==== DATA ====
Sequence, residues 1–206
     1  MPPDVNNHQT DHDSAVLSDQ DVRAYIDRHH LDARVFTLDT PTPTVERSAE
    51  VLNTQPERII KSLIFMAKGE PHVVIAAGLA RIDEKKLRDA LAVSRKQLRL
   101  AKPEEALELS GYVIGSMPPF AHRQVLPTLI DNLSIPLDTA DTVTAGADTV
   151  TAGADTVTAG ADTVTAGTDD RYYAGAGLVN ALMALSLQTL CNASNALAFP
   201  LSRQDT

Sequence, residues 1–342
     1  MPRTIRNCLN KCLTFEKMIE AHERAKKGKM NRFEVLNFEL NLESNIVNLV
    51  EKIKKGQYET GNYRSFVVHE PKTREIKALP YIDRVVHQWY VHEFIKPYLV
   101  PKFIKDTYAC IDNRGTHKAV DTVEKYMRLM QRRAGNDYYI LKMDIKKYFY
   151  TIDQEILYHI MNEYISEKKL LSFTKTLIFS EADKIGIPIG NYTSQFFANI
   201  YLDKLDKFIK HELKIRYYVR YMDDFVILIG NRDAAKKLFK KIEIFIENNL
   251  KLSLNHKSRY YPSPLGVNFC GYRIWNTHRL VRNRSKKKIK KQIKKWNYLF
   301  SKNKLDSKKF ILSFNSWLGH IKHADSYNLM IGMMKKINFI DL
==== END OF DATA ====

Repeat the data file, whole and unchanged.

Sequence, residues 1–206
     1  MPPDVNNHQT DHDSAVLSDQ DVRAYIDRHH LDARVFTLDT PTPTVERSAE
    51  VLNTQPERII KSLIFMAKGE PHVVIAAGLA RIDEKKLRDA LAVSRKQLRL
   101  AKPEEALELS GYVIGSMPPF AHRQVLPTLI DNLSIPLDTA DTVTAGADTV
   151  TAGADTVTAG ADTVTAGTDD RYYAGAGLVN ALMALSLQTL CNASNALAFP
   201  LSRQDT

Sequence, residues 1–342
     1  MPRTIRNCLN KCLTFEKMIE AHERAKKGKM NRFEVLNFEL NLESNIVNLV
    51  EKIKKGQYET GNYRSFVVHE PKTREIKALP YIDRVVHQWY VHEFIKPYLV
   101  PKFIKDTYAC IDNRGTHKAV DTVEKYMRLM QRRAGNDYYI LKMDIKKYFY
   151  TIDQEILYHI MNEYISEKKL LSFTKTLIFS EADKIGIPIG NYTSQFFANI
   201  YLDKLDKFIK HELKIRYYVR YMDDFVILIG NRDAAKKLFK KIEIFIENNL
   251  KLSLNHKSRY YPSPLGVNFC GYRIWNTHRL VRNRSKKKIK KQIKKWNYLF
   301  SKNKLDSKKF ILSFNSWLGH IKHADSYNLM IGMMKKINFI DL